Pau brasil, a tree endemic to eastern Brazil, has an important place in the country’s history and culture. When Portuguese settlers arrived in what is now Brazil, they recognised the trees as similar to those in Europe that produced a red dye, called pau brasil in Portuguese; the people who collected it were called brasileiros. Pau brasil was exported in such great numbers that the country was named after it.
Pau brasil can reach up to 15 metres high and is characterised by a flaked bark that reveals a blood-red wood underneath, fragrant yellow flowers and small, leathery leaves. It is believed that the tree’s bark may have medicinal properties and has even been tested as a possible treatment for cancer.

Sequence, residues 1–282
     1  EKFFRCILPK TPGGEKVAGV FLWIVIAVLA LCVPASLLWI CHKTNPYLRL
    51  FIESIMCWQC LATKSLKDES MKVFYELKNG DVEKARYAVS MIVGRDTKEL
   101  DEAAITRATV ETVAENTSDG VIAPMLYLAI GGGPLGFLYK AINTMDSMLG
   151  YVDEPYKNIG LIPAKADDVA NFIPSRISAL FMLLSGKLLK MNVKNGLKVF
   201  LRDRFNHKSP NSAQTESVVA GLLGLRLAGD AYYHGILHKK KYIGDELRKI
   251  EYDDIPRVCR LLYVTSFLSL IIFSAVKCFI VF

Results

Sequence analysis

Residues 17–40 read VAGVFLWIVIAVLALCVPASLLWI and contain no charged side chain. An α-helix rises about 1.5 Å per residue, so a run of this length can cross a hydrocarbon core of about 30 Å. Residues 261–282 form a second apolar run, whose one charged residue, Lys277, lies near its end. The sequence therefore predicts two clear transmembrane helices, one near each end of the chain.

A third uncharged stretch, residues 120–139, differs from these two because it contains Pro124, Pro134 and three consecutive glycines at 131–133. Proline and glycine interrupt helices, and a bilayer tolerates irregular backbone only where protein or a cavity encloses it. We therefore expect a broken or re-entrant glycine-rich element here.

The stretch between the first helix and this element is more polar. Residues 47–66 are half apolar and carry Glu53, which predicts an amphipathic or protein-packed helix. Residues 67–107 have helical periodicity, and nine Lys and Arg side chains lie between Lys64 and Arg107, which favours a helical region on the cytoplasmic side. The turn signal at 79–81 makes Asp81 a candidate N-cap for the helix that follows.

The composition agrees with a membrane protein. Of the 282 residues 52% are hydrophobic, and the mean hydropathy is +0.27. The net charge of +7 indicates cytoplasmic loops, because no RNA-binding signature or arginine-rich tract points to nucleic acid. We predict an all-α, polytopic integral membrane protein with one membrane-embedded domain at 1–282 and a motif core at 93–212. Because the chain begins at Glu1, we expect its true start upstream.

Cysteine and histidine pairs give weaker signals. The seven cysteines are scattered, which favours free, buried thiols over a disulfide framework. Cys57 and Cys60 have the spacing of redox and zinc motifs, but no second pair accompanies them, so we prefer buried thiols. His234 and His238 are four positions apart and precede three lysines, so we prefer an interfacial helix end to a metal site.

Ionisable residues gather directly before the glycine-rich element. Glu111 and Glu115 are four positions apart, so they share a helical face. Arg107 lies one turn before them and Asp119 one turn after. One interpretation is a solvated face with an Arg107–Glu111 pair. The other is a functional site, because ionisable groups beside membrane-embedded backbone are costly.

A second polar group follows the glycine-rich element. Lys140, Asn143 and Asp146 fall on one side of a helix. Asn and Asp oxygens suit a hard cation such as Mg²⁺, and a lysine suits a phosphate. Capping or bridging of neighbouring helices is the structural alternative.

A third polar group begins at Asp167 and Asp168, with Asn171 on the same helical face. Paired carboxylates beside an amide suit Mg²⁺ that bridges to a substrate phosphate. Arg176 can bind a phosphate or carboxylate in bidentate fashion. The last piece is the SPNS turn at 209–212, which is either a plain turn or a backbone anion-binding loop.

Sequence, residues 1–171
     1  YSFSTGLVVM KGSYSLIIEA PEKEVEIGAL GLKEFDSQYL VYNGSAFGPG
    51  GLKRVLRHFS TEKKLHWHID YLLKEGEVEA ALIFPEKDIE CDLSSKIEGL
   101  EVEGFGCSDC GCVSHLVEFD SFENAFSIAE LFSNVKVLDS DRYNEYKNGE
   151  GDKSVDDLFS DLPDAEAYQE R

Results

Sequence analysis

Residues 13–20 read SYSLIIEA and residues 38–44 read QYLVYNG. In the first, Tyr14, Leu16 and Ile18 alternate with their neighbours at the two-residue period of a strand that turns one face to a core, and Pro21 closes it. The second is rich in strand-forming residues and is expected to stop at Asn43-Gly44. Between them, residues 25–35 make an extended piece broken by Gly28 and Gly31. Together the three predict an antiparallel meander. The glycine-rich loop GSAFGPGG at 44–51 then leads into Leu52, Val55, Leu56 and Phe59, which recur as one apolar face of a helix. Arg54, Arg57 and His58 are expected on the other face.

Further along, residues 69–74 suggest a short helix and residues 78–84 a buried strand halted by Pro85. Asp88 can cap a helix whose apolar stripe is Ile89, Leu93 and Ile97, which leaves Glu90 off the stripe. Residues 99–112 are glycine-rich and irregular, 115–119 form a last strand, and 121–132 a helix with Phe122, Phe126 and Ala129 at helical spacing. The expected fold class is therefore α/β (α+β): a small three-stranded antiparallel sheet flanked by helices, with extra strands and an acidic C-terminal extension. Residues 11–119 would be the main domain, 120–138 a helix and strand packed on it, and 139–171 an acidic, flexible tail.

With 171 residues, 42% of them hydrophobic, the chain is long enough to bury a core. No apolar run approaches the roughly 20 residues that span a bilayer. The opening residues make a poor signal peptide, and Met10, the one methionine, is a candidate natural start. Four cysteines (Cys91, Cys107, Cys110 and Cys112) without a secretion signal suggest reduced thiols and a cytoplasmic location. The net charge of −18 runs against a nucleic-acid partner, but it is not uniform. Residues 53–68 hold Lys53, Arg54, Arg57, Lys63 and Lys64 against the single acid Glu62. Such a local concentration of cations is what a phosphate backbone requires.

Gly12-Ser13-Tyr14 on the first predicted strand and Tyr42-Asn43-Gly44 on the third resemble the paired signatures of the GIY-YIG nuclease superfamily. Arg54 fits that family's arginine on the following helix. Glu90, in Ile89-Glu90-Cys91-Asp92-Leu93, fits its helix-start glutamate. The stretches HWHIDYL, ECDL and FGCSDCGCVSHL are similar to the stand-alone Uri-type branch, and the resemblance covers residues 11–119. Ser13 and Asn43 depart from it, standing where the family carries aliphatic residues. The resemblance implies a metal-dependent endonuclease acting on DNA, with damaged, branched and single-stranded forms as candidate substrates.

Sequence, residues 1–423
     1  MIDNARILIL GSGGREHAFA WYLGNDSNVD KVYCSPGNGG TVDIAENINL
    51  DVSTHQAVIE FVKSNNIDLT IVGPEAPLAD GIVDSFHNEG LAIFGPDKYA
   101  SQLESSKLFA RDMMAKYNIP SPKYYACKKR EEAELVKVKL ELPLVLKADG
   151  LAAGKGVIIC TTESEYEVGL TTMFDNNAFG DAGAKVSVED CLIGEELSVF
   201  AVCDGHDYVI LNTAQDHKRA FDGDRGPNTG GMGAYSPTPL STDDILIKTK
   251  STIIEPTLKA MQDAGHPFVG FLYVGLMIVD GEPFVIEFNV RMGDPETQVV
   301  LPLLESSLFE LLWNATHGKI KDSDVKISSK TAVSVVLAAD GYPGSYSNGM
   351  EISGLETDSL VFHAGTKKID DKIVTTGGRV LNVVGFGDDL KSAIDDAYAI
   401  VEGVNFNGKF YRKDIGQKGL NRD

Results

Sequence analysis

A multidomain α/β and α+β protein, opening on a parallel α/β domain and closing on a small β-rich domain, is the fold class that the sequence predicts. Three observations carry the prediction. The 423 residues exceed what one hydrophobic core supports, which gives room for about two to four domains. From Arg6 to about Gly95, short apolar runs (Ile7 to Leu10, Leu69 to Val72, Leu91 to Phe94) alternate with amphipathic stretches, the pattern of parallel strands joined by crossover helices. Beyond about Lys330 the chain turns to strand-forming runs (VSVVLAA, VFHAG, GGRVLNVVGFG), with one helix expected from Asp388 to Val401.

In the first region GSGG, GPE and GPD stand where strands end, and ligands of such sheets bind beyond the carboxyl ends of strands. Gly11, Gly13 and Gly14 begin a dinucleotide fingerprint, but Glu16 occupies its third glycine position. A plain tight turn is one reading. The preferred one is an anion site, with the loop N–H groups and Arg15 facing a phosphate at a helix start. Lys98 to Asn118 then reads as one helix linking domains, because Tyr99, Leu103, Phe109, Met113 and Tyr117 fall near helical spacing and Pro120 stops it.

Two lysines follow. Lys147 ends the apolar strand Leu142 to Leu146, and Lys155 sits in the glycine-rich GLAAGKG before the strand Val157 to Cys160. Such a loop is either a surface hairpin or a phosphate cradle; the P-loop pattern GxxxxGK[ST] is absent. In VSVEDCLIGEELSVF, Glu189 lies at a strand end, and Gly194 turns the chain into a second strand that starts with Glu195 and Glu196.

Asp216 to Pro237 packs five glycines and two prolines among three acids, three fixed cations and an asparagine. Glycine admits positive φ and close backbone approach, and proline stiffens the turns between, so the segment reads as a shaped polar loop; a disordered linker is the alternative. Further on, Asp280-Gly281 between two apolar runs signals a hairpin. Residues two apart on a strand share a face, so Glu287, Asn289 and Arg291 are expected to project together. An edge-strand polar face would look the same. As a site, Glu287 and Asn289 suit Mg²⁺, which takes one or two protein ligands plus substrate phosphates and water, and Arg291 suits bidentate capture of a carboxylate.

Exploitation of pau brasil began in 1501. The dye from the trees was regarded as far superior to the European version and its timber was almost indestructible. It was used in construction and to make bows for stringed instruments and hunting tools. By the time synthetic dyes became readily available in the late 19th century, the pau brasil population had suffered immensely and declines in its numbers continued up until the 1920s.
Today, pau brasil continues to be threatened as it is the main source of high-quality violin bows. Up to 1kg of wood is needed to manufacture one bow (which can cost up to $5000 USD) and in the process, 70-80 percent of that wood is wasted. Two protected areas have been designated in Brazil for the tree, yet as the bow industry is estimated to be worth millions of US dollars a year, illegal cutting and exportation continues.